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Trump will delay tariff increases on China, meet with President Xi

US President Donald Trump and his Chinese counterpart Xi Jinping spoke by phone Thursday, Feb 9, 2017 evening, the first conversation between the two since Trump took office. In the call, the two leaders discussed "numerous topics," and Trump committed to honoring the "One China" policy at Xi's request, the White House said.

President Donald Trump announced on Sunday he will be delaying US tariffs on China and will be planning a summit with Chinese President Xi Jinping at Mar-a-Lago to finalize the trade agreement.

“As a result of these … very productive talks, I will be delaying the U.S. increase in tariffs now scheduled for March 1. Assuming both sides make additional progress, we will be planning a Summit for President Xi and myself, at Mar-a-Lago, to conclude an agreement. A very good weekend for U.S. & China!” Trump posted in two tweets.

The President cited “substantial progress” on trade talks with China, pointing to “important structural issues including intellectual property protection, technology transfer, agriculture, services, currency, and many other issues.”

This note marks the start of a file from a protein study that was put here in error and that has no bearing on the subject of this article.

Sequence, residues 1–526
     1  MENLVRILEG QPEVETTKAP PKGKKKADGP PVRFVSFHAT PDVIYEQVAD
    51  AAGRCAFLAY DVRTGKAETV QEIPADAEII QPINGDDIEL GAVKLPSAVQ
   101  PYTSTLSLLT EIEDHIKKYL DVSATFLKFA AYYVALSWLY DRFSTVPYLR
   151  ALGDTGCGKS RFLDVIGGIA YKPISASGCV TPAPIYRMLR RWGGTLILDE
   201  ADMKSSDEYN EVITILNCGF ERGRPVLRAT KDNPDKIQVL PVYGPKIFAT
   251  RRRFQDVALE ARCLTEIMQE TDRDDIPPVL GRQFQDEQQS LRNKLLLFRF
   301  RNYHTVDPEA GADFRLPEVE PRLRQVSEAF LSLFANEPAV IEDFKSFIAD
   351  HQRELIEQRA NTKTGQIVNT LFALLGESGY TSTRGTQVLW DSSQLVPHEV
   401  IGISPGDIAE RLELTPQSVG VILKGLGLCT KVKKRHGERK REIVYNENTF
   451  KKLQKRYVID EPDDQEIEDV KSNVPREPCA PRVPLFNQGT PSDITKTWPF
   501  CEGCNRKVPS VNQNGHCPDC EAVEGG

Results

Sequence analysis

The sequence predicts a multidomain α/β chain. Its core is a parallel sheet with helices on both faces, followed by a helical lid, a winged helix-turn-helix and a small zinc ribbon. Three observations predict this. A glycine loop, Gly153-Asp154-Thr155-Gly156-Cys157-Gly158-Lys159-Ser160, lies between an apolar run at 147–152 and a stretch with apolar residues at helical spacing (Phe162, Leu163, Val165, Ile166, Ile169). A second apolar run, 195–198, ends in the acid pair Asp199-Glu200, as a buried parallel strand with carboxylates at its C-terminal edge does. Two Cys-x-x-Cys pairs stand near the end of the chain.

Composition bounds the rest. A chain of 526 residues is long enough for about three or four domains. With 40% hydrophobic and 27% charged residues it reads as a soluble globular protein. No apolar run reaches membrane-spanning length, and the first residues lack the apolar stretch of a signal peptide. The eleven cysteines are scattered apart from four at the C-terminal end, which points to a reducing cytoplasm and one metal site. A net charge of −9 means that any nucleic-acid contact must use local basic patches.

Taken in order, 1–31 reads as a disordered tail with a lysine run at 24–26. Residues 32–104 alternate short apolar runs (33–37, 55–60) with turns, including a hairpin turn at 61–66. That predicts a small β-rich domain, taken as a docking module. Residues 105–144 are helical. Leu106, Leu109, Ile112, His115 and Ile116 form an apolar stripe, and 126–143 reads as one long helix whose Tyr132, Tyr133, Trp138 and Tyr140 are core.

The President’s announcement comes as he prepares to meet with North Korean leader Kim Jong Un this week in Hanoi, Vietnam. Trump will be focused on getting a “demonstrable, verifiable” step toward denuclearization from Kim, Secretary of State Mike Pompeo told CNN’s Jake Tapper on Sunday.

Earlier on Sunday, Trump tweeted about the important role China is playing ahead of the talks with Kim and wrote, “President Xi of China has been very helpful in his support of my meeting with Kim Jong Un. The last thing China wants are large scale nuclear weapons right next door. Sanctions placed on the border by China and Russia have been very helpful. Great relationship with Chairman Kim!”

In the Oval Office on Friday, Trump expressed similar optimism about trade negotiations with China, predicting there was a “very good chance” that the US and China would reach a trade agreement. Trump also suggested that if substantial progress was made, he “would be inclined” to allow up to a month longer for negotiations.

By Liz Stark and Kate Sullivan, CNN

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